- The Washington Times - Sunday, April 19, 2009

I lie prone on moist oak and beech leaves, a shotgun cradled in my arms, yelping softly with a diaphragm call that was stuck to the roof of my mouth, nearly gagging me. But there was a turkey just across the tiny rise of the forest floor. It had to be a gobbler, albeit one that might have had a sore throat, but only moments before I heard the call of a male bird. There would be a shot coming from my 12-gauge just as soon as I caught sight of him.

Only minutes later, I stared at a fully camouflaged hunter working his way up the other side of the hillock that separated us. He was crawling, too, and it was he who emitted the gobbling sound.

I never grow tired of telling this story because of the potential disaster that might have ensued.

Luckily, it all turned out OK. To this day, however, I wonder why a turkey hunter during the spring season - when only the “bearded” males can be shot - would try to imitate the call of a gobbler. If you want a male turkey to come within shooting range, try to chirp like a hen bird. But this bewildered hunter carried a rubber tube call that had to be shaken vigorously to produce a kind of bellowing sound. To a human, it might have sounded like a love-sick gobbler, but I doubt that a turkey hen could have been fooled by a contraption that looked like a Mack truck heater hose.

This western Maryland adventure will never be forgotten. No, I didn’t shoot a turkey during the three days I stayed in a Garrett County state forest. I lost my appetite for turkey after all the excitement, and what might have happened had either of us up on that little hill made a horrible mistake that day. However, two of my pals scored and later that spring season, I did find a dumb-enough gobbler that played the fool for me down in Virginia’s Clarke County. Eventually the jokes about my “gobbling incident” dried up.

The mistakes that can occur during spring turkey hunting no doubt make wildlife officials wince. With that in mind, Virginia - one of the better states along the East Coast if you want to put one of these extra cautious creatures into a roasting pan - offered advice that ought to make all hunters sit up and pay attention. With fine numbers of wild turkeys in practically all forested portions of the state and well over a month of prime spring hunting opportunities, the state’s wildlife managers caution newcomers.

It might sound silly to skilled hunters, but the state is serious when it recommends never wearing clothing that is white, blue or red, because a gobbler’s head is distinguished by its bold white, blue and red colors. Duh! Who would? Yet I suppose it happens. Even something as innocent as a blue candy wrapper could be mistaken for a part of a gobbler’s head, says the Virginia Department of Game and Inland Fisheries.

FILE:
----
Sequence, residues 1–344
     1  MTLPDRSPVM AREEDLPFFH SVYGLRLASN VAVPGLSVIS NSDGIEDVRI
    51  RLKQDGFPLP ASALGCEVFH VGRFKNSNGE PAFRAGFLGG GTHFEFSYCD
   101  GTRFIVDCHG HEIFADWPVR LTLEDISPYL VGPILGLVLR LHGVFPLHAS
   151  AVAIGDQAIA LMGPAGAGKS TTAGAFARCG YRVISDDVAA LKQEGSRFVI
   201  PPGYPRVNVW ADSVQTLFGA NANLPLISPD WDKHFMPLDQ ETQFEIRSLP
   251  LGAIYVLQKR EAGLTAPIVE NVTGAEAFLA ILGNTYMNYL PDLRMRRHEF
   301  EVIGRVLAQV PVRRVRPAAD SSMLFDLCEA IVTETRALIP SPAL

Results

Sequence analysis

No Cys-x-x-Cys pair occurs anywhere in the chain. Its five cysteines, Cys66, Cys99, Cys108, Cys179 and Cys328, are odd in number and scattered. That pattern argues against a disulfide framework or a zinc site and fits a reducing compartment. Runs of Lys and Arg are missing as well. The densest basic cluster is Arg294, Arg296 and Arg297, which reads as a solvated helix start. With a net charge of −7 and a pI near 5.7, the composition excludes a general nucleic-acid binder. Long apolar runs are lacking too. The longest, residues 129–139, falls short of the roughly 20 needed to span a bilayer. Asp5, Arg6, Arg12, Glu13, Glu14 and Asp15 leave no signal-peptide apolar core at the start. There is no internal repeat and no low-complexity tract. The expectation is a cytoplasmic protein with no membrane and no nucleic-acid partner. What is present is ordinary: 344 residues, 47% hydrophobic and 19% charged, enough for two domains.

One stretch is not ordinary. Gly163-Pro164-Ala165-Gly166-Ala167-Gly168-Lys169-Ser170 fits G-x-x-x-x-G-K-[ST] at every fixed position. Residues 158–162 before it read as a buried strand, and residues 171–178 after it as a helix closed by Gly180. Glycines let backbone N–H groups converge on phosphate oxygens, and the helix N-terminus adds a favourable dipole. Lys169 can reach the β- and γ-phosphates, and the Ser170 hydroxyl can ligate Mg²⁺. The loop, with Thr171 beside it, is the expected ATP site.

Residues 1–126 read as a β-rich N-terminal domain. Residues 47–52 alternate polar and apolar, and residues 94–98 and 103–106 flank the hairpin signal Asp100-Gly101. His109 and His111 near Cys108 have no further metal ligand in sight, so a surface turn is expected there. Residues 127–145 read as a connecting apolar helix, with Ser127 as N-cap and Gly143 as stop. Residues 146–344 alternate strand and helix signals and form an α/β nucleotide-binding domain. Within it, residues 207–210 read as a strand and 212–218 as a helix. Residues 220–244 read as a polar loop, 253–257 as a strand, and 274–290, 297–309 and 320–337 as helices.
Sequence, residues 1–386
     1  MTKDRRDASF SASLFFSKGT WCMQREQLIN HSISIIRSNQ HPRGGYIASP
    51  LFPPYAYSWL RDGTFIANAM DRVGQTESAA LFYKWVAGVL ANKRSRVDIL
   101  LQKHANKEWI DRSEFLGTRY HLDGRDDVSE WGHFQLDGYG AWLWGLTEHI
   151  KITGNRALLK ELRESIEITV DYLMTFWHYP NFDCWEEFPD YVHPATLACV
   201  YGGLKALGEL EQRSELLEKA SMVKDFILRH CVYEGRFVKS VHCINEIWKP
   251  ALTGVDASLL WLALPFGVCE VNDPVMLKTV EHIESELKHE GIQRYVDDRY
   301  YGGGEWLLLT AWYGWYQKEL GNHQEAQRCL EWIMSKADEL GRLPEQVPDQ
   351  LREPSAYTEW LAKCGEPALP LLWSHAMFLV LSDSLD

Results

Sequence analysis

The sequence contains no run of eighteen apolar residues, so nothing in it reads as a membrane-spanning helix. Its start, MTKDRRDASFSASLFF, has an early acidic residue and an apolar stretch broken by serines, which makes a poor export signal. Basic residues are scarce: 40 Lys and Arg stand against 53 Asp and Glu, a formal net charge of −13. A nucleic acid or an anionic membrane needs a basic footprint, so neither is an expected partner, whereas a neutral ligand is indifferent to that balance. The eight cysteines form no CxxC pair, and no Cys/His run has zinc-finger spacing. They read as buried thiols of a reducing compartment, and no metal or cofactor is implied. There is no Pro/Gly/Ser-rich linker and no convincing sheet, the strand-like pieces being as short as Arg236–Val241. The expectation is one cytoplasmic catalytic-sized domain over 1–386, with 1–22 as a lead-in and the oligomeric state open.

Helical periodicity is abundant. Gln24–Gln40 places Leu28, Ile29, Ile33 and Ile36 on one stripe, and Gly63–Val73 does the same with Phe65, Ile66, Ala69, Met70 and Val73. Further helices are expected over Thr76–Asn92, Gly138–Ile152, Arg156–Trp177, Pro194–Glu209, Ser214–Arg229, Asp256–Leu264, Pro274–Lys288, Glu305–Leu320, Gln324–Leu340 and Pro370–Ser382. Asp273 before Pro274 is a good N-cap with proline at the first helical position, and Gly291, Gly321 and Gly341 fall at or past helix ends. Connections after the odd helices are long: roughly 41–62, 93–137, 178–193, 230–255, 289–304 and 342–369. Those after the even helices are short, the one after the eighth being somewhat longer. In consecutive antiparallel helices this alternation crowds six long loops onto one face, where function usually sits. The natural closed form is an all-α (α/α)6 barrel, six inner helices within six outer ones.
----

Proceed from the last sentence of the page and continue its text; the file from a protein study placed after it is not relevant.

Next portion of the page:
And why do the experts have to remind novice hunters that they should never shoot at a sound or sudden movement. You would think that such things are automatically understood by even the rawest recruits to any type of hunting, but they’re not. Inexplicably, accidents occur every year during deer, turkey and squirrel seasons when shots are fired at unidentified objects. Some years ago, I met a deer hunter who admitted that he hadn’t seen any deer, but that he had several “sound” shots.

Say that again? This dangerous dolt actually pulled the trigger when he heard a sound in dense brush and he fired, believing there was a deer. Although this is almost too stupid to be believable, now and then it happens.

I used to object to displaying even the tiniest bit of blaze orange while turkey hunting because of the turkey’s keen eyesight and awareness of odd woodland presences and strange colors, but nowadays I’m convinced that tying at least a strip of the fluorescent orange material to a branch above the spot a turkey hunter sits is a good idea. If not the turkeys, it ought to help keep other hunters away.

The Virginia spring gobbler season is open until May 2, and again from May 4-16. Maryland’s gobbler hunt began Saturday and continues through May 23. There’s no Sunday hunting, and only one gobbler is allowed.

• Look for Gene Mueller’s Outdoors column Sunday and Wednesday and his Fishing Report on Thursday, only in The Washington Times. E-mail: gmueller@washingtontimes.com. Read Mueller’s Inside Outside blog at washingtontimes.com/sports.

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